COLUMBUS, Ohio — Ohio's health orders expire at midnight, bringing an end to the social distancing requirements and the state-wide mask mandate that’s been in effect for nearly a year.

These are the key changes that take effect at 12:01 a.m. Wednesday:

  • Regardless of who is and who isn't vaccinated, capacity restrictions are removed at outdoor and indoor events
  • Businesses can allow vaccinated and unvaccinated patrons into their establishments without masks, but can still require mask mandates beyond June 2
  • Social distancing: No longer required in Ohio 
  • Schools K-12 and child care providers no longer need mask or social distancing requirements
  • State lifts recommendation on gatherings limitations of 10 or fewer people 

Masks will continue to be required at hospitals, other health care facilities, and on transit since those sectors are expected to continue to maintain their own mask requirements in accordance with  Centers for Disease Control and Prevention guidance.

Mercy Health, the largest health care system in the state, announced Tuesday that it will continue to require masks after June 2.

The state fully reopens as weekly COVID-19 cases have fallen to the lowest levels since June 2020 with seven-day average cases at 566. 


Ohio Department of Health Director Stephanie McCloud said last week the state is still finalizing its reopening plan. 

It's not clear if Ohio will end its state of emergency on the same day.

The declaration announced in March 2020 allowed Gov. Mike DeWine and other state agencies to access funds and resources they needed to get through the pandemic. 

Officials will soon announce whether Ohio will amend its existing health order, or sign a new one to maintain mask mandates in long-term care facilities. 

The end of the health orders allows fans of the Cleveland Indians and the Cincinnati Reds at full capacity for daytime home games Wednesday.

​Throughout the pandemic, the DeWine administrations has faced calls from conservative groups to reopen the state. This Monday, April 20, 2020 file photo shows protesters gathering outside of the Ohio State House in Columbus, Ohio to protest the stay home order. (AP Photo, Gene Puskar, File)

Ohio’s return to full capacity follows Michigan’s Tuesday reopening, though Gov. Gretchen Whitmer is taking a somewhat slower approach, lifting masks mandates and allowing full capacity outdoors but maintaining 50% indoor capacity restrictions until July 1.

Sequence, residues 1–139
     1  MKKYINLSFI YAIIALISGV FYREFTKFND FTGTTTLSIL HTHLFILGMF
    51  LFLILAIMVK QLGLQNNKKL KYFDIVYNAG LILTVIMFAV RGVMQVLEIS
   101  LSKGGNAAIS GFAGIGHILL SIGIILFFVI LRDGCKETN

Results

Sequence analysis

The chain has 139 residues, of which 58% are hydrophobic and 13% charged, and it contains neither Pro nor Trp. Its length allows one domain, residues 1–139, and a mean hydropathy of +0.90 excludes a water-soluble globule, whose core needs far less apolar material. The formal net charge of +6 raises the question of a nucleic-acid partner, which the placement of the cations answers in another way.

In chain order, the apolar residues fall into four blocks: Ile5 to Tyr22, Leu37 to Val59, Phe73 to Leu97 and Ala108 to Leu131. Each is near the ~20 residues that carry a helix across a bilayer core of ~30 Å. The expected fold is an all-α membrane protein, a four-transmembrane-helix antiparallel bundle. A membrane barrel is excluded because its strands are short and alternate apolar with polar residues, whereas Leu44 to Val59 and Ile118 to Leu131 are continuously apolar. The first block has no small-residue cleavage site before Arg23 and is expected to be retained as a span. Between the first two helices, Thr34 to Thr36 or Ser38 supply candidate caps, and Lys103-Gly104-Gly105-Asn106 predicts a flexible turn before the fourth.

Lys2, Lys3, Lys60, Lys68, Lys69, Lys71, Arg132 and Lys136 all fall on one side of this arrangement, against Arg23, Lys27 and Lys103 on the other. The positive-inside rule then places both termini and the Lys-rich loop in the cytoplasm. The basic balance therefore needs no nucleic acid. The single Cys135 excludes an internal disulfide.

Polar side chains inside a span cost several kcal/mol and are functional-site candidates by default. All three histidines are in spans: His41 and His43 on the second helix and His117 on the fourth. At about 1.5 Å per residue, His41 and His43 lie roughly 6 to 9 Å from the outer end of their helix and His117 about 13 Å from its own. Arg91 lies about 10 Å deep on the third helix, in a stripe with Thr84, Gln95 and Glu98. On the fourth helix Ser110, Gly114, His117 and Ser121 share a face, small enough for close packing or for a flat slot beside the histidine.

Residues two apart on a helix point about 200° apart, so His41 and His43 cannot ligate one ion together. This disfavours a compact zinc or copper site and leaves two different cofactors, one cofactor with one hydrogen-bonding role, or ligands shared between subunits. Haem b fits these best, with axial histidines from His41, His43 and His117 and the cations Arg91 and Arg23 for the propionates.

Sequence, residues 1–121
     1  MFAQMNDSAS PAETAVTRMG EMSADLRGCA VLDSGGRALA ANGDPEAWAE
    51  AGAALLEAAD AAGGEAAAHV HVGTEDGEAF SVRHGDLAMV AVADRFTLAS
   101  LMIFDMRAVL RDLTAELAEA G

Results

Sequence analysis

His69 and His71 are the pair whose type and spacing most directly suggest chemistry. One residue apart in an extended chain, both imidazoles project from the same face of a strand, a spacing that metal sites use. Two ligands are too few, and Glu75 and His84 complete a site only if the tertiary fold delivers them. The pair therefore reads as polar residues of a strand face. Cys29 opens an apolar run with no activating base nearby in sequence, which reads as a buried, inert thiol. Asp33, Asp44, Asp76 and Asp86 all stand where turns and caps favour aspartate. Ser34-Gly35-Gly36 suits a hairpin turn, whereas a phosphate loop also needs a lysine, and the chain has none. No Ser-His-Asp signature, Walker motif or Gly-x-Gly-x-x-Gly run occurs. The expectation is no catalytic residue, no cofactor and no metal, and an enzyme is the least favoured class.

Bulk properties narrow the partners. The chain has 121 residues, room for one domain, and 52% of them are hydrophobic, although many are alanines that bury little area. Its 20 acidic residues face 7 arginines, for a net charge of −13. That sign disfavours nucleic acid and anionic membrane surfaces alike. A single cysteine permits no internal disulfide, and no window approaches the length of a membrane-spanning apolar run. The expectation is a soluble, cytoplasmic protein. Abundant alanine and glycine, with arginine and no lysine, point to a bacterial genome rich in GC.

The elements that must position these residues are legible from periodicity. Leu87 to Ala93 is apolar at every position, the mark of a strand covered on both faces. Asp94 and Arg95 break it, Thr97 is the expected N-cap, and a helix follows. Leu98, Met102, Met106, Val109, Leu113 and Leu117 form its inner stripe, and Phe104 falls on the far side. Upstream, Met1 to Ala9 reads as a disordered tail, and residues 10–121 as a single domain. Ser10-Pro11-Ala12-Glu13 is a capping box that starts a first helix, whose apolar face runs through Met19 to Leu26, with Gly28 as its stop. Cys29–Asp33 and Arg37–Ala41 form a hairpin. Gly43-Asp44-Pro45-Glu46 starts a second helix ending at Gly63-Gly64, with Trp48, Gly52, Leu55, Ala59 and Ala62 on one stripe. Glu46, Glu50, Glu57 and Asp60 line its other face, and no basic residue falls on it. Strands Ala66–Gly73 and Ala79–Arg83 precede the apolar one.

Among Ohio’s other border states, Kentucky fully reopens on June 11, Indiana on June 30, West Virginia on June 20 and Pennsylvania on June 28 — or when 70% of its adult population is fully vaccinated.

DeWine said, during a May 12 announcement, that the health orders could be lifted due to the progress of the vaccine effort.

“Let’s talk about the health orders. For a year, Ohioans have made sacrifices to save lives and keep our state moving forward. What you have done has truly worked,” DeWine said. “Everyone can now control their own health. Everyone can now control their own destiny, so it is time. It’s time to end the health orders.”

In parts of Ohio, residents are required to wear masks after June 2 due to local ordinances, though most major cities have already gotten rid of their mandates or will Tuesday. 

Columbus City Council is not expected to repeal the city’s mask mandate until at least June 7, a spokesperson said.

On Tuesday, the state recorded 622 cases of COVID-19, below the 21-day average of 801. Cases were not reported Monday due to Memorial Day. The state reported 702 patients were hospitalized with COVID-19 and 173 patients were receiving treatment in intensive care units.

A bit more than 45% of Ohio's population has received the first dose of the COVID-19 vaccine, whereas almost 40% of residents are completely vaccinated. 


Ohio's pace of vaccination dropped to the lowest level since December on Tuesday as seven-day average daily first-doses administered fell to 15,321. The holiday may have impacted the numbers.

Ohio ranks 33rd of all U.S. states for vaccinations started, according to the Mayo Clinic.

Numbers are now down again (per seven-day averages) following a mid-May bump when the 12-17 age group became eligible and the Vax-a-Million lottery was announced.

DeWine said in an MSNBC interview Sunday that many rural areas of the state, where vaccine uptake has been the lowest, saw a significant spike in vaccinations as a result of the lottery, which will award a $1 million prize and a full-ride scholarship Wednesday in the second of five rounds of drawings.

Lydia Taylor contributed to this report.